I’m sure I wasn’t the only one who watched last night’s episode of Impact Wrestling and felt substantially unfulfilled at the outcome of the main event, where we found Fallah Bah lose his Impact World Championship opportunity to Austin Aries after two hours of enthusiastically building him up. It was disappointing on a major scale, but was that the master plan all along?
Fallah Bah and his frenemy of sorts, KM, have been treated more like a source of pure entertainment on Impact Wrestling programming rather than serious performers. While that’s never drawn a complaint from me, because Fallah and KM work fabulously together and always make for some light-hearted segments, you would really never imagine it resulting in a championship match for either of them, especially not the Impact World Championship.
Yet, on the September 13th episode of Impact, that’s exactly what we got. KM and Fallah walked themselves right out into the ring to confront Austin Aries, and Aries granted Fallah a championship as the main event of the night. It was out of left-field, but I bet, somewhere in your heart or hearts, something about this match felt just so right about this match.
That’s on account of a good reason – Fallah Bah has been slowly but surely creeping his way to the top babyface spot on the Impact roster. There’s never an instance where he offers his signature “no, no, no” or “bah, bah, bah” chants where the audiences aren’t consistently chanting along. He hasn’t been booked thus far to be at the main-event face caliber as say Moose was before Slammiversary, but it’s seldom you’d ever find someone who had a bad thing to say about Fallah.
So there we were, watching the main even of the evening, finding ourselves biting our nails and holding our breaths waiting to see if somehow, someway, Fallah could pull this off. The entire roster had lent him their support, and after a few big slams and a Samoan Drop, everyone watching was thinking “holy cow, I think he’s gonna do it!”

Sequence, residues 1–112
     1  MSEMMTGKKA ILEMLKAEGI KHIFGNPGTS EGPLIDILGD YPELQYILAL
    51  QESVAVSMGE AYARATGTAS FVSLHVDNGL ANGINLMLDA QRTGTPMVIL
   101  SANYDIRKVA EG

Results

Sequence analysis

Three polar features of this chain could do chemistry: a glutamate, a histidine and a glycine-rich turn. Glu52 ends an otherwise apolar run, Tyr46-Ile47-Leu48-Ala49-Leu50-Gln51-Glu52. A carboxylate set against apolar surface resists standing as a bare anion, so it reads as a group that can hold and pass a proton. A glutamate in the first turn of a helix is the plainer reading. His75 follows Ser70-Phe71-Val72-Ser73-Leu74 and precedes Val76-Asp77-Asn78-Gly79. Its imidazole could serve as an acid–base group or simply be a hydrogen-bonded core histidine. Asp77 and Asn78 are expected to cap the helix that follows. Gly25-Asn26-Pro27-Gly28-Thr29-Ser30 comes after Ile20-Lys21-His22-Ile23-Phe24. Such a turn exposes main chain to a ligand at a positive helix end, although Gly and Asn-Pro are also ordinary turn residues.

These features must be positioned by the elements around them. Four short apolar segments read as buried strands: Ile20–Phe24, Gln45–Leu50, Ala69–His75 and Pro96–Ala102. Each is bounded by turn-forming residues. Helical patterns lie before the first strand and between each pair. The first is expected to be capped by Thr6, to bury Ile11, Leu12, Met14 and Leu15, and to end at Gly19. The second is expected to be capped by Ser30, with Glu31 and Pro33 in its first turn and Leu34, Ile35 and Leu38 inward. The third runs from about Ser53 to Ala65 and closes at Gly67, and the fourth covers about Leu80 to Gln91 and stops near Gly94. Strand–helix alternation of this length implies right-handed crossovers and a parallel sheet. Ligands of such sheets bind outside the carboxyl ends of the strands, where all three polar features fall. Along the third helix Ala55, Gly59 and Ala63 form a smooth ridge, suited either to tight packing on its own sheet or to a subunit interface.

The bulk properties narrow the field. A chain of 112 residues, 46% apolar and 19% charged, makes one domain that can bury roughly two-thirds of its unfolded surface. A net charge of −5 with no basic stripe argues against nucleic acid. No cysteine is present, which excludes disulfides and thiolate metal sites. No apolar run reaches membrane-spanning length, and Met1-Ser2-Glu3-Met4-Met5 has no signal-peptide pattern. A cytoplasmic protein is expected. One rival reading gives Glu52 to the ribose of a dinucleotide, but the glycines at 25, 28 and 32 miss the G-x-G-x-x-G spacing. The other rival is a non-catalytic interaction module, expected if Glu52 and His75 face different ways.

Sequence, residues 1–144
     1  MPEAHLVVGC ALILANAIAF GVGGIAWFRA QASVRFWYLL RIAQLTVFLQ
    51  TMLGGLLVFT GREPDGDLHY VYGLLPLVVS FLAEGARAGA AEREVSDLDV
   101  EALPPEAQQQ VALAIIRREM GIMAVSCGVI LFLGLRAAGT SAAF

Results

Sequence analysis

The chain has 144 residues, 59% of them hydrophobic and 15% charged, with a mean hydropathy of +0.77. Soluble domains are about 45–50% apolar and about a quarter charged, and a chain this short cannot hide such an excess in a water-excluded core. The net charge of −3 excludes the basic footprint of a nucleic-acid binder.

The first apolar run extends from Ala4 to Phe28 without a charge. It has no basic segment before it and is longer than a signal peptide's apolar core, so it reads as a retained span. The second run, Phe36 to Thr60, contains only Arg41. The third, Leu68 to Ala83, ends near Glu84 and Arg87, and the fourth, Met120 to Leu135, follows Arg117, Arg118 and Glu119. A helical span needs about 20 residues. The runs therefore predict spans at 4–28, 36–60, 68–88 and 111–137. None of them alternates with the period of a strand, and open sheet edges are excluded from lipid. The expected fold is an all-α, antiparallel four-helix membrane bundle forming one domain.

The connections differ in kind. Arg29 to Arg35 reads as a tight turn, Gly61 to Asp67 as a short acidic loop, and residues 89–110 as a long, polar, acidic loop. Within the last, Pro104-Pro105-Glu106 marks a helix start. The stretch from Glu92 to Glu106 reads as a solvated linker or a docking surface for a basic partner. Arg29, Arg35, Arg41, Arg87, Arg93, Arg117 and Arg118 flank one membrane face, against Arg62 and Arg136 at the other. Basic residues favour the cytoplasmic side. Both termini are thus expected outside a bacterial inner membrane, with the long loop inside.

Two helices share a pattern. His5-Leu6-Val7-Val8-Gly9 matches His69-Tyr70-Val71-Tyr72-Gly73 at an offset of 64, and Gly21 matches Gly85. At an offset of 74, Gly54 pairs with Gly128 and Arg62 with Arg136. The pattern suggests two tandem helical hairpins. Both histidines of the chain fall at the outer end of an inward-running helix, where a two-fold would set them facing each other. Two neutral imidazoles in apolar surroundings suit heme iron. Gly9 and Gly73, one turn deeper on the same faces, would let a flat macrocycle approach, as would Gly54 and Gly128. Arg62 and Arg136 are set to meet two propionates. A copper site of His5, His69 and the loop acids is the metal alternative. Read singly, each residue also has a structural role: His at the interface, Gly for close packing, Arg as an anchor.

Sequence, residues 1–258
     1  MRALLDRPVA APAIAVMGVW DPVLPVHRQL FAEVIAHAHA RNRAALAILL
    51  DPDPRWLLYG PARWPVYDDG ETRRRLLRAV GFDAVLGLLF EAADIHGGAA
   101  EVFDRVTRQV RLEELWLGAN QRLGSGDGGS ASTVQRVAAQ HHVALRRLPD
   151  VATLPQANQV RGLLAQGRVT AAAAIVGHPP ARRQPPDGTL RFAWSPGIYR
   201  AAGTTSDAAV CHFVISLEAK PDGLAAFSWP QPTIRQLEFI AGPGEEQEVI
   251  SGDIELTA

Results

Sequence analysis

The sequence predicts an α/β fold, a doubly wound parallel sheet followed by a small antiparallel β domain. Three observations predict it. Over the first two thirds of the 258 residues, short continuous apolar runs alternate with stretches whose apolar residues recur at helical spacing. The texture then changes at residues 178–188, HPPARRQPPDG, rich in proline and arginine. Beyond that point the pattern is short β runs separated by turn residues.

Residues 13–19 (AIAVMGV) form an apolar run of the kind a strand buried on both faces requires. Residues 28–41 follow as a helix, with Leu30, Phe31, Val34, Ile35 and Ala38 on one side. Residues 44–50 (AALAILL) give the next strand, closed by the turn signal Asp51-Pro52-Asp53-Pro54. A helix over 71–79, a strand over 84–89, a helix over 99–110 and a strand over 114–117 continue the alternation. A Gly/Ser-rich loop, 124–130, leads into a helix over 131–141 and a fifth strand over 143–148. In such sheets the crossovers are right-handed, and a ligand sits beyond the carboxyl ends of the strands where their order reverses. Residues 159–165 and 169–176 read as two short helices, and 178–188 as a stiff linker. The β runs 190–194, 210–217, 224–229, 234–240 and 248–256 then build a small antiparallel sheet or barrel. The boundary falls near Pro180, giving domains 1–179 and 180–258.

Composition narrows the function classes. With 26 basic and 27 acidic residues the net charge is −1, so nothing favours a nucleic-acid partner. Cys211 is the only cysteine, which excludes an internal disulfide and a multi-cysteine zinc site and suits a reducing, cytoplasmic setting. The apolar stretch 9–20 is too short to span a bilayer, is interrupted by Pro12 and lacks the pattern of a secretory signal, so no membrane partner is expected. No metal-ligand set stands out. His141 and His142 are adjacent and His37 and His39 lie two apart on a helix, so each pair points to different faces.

Then, after all that hype, all that excitement, Aries finally gets Fallah to tap out to a Last Chancery, and his cronies Moose and Killer Kross being attacking KM at ringside. Fallah and KM just became another notch in the belt of Austin Aries, just another set of schmucks the Aries crew laid to waste…
…and there we were, squinting at our screens thinking, “well then what the HELL was that for?”
At first it seemed like a tremendous waist of time, and a very big misstep on the part of Impact booking to spend the entirety of an episode building a story (and a compelling one at that) only to drop it on it’s head by the end of the episode. No ground seemed to have been gained in any respects; we didn’t need to see Aries Crew pummel poor Fallah and KM to know they’re the big guys around town, especially having just done the same to Johnny Impact the week before.
… or did we?
Aries, Kross, and Moose are really not meant to be seen as imposing or truly scary; they’re meant to be seen as bullies, exactly what they are. They’re meant to piss us off, not to be cheered, as so many people often cheer the heels regardless of their status.
What’s bound to get us more riled up then making us feel like we wasted our time? You could consider it a fourth-wall-breaking method of getting heat, masterfully done in context. What, to the naked eye, comes off as bad storytelling, really could just be the most pointed shot at the audience Impact could have taken on us.
While I would love for this match to be kept in play on Impact programming (I mean, ideally ending in a Cinderella win for Fallah and KM), I doubt it will. In its highs and in its lows, this two-hour-long tease was all on purpose, with the point that we should really be annoyed with Aries, Kross, and Moose.
Instead, Impact planned on making this plot line personal. Austin Aries doesn’t care about Johnny Impact, KM, Fallah Bah, not even you, and he doesn’t care if you suspended your disbelief for two hours for him to show you how much better he is.
That is a testament to Impact’s booking ability and how immersive it actually can be, for better, for worse, or both in the same episode.